A Weekend Retreat is Built Upon 70 Years of Memories
Apr 24, 2015 01:45PM ● Published by Cate Reynolds
The small—just 50' x 100'—Shoreham Beach property was once the site of a summer cottage “no bigger than a dollhouse,” says Susie McSweeny of the land that has been in her family for more than 70 years. Today, though, the narrow waterfront location is home to a spacious, light-filled weekend getaway for Susie and her husband Tom, who reside full-time in Northern Virginia.
“I’ve been coming here my entire life,” Susie says, and at some point, she and Tom plan to move to the area permanently.
In fact, working with Annapolis architect Cathy Purple Cherry, the couple came up with a wish list of features that will not only serve them now but well into the future, including an elevator (already useful for helping their aging dog navigate the home’s three levels), wide hallways and shower entries, a level entrance from the garage into the home should a walker or wheelchair be needed at some point, reinforced walls if grab bars in the bathroom are required, even lever doorway handles that are easier to manipulate than traditional doorknobs.
For now, though, the house is all about relaxation and entertainment. The 4,600-square-foot home with three bedrooms and four-and-a-half baths welcomes friends and family, who enjoy the beachfront location, water view deck off the living room (an ideal spot for a nightly cocktail), spacious media room, and proximity to Annapolis with its many restaurants and activities.
The McSweenys wanted their weekend retreat to have a more relaxed aesthetic than their Virginia home, which they say is more traditional and formal. “Casual elegance is the look we were going for,” says Susie, a retired nurse manager; Tom had a long career in the aviation industry and currently serves as a consultant.
Throughout the home, soft “beachy” colors on the walls (with the exception of the dining room with its warm red hue) contrast with the dark hand-scraped maple floors that are both “casual and forgiving,” Susie says, which comes in handy with a dog and four grandchildren.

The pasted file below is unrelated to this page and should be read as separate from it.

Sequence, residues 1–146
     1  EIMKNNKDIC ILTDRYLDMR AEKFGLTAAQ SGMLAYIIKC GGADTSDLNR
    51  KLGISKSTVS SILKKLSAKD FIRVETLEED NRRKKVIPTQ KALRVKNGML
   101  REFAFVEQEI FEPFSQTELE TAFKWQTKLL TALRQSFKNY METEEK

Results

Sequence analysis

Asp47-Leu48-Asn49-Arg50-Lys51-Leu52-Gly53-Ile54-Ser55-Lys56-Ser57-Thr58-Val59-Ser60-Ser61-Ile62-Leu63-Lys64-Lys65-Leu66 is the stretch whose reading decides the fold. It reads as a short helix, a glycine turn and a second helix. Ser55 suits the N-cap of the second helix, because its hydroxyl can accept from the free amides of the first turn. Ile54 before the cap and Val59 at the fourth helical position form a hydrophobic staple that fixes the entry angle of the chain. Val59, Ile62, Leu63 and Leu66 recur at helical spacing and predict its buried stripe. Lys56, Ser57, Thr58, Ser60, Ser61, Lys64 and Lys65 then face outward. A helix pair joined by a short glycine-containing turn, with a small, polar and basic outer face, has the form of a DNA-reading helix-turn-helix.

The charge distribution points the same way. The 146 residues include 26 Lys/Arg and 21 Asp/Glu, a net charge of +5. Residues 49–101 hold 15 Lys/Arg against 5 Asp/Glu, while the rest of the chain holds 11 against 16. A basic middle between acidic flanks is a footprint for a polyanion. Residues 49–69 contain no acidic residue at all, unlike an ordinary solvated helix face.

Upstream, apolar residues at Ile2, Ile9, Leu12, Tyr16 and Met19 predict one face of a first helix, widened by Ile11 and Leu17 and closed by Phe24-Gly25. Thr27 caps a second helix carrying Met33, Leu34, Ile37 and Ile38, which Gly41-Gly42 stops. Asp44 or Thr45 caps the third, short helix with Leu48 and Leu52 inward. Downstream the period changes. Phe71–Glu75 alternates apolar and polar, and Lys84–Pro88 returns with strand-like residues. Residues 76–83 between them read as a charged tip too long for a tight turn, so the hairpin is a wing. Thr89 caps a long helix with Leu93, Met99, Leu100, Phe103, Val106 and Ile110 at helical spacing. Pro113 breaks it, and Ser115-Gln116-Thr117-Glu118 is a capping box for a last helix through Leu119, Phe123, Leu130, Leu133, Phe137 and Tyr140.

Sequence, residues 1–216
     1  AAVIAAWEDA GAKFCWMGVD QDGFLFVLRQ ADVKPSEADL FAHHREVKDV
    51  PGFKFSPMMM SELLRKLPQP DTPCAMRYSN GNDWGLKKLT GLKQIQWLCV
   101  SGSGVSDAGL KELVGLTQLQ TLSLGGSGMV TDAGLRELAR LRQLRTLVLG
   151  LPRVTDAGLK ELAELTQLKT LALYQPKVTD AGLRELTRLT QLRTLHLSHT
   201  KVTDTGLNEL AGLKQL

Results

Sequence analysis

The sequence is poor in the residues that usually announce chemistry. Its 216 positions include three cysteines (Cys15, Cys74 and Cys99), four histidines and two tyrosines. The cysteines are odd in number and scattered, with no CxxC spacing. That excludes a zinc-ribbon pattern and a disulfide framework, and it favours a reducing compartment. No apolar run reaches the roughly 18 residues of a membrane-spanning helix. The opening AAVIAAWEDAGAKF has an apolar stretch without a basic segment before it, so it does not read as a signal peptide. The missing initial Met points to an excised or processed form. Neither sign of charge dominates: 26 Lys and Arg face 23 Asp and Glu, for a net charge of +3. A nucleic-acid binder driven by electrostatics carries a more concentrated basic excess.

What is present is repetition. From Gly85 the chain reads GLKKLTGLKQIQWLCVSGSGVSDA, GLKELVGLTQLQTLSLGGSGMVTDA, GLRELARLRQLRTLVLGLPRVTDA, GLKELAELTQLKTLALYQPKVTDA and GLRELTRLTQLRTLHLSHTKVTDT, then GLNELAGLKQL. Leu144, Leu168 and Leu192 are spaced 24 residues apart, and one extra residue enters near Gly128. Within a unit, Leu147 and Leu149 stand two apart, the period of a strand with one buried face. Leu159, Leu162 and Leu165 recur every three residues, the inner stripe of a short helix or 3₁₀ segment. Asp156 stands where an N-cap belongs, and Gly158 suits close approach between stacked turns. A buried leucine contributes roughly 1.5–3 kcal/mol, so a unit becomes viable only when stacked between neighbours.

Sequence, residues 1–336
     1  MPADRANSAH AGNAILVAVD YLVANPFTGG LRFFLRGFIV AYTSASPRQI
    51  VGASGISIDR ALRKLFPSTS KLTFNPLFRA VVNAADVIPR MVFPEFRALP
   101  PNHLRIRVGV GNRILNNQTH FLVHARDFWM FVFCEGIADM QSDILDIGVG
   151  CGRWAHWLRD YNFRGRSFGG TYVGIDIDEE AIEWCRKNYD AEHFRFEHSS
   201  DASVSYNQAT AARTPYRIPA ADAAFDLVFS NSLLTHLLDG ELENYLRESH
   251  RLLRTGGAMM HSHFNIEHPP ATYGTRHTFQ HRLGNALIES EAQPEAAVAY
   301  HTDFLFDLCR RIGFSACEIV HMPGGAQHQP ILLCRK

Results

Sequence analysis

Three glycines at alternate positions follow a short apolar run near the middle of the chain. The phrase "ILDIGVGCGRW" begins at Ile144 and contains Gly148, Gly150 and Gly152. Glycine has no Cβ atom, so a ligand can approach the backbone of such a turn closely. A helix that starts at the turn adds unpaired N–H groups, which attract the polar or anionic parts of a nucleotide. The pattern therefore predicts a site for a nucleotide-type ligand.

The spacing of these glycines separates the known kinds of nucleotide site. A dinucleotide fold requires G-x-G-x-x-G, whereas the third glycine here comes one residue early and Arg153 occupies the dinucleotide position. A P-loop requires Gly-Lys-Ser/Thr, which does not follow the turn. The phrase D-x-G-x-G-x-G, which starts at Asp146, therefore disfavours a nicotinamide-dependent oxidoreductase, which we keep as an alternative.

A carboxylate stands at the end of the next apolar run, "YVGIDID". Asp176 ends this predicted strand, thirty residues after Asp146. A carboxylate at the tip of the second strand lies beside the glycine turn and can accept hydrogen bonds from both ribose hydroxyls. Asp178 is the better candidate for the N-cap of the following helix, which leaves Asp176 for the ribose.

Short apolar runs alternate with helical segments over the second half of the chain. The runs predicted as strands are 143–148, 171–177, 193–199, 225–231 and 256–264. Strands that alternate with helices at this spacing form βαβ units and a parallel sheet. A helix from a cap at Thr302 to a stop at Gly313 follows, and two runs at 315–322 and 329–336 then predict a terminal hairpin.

Because of the configuration of the lot, the McSweenys knew that it might be a challenge to achieve the open floor plan they desired. But, thanks to Purple Cherry’s design, overhangs outside minimize the “boxy” exterior by breaking up the visual space, and inside, arches, instead of solid walls, divide the kitchen, dining room, and living room to maximize the space and capitalize on the light pouring in from all the windows.
“During the day, there’s never any need to turn on a light,” Tom says.
Come evening, however, the house sparkles, in large part due to the elegant but whimsical chandeliers found in every room (even the laundry room), a favorite feature of Susie’s in particular. “Chandeliers are like jewelry for a room,” she explains.
With the help of Annapolis-based Apter Remodeling/Craftsman, the couple navigated an “arduous” year-and-a-half during which many permits had to be acquired. “When you build on the water,” says Tom, “you have to meet stricter codes.”
Since the couple’s Northern Virginia home was also custom built, the McSweenys were familiar with both the pros and cons of starting from scratch. On the plus side, “you get to do what you want to do,” they say. The downside? “You have to choose every little thing, down to the hinges,” Tom says laughing, adding that finding said hinges in the polished nickel Susie had chosen for kitchen fixtures, for example, was no easy feat.
Still, when all is said and done, the couple now has the home that they not only plan to make their permanent residence one day, but that they also hope will last for generations to come, much as Susie’s grandfather’s cottage did.
“Day by day and season by season, there is always something to see here,” Susie says. “The view is constantly changing, whether we’re looking at the different birds flying by, the cruise ships rounding Thomas Point, the sun coming up, or the moon shining across the Bay. It’s instantly therapeutic.”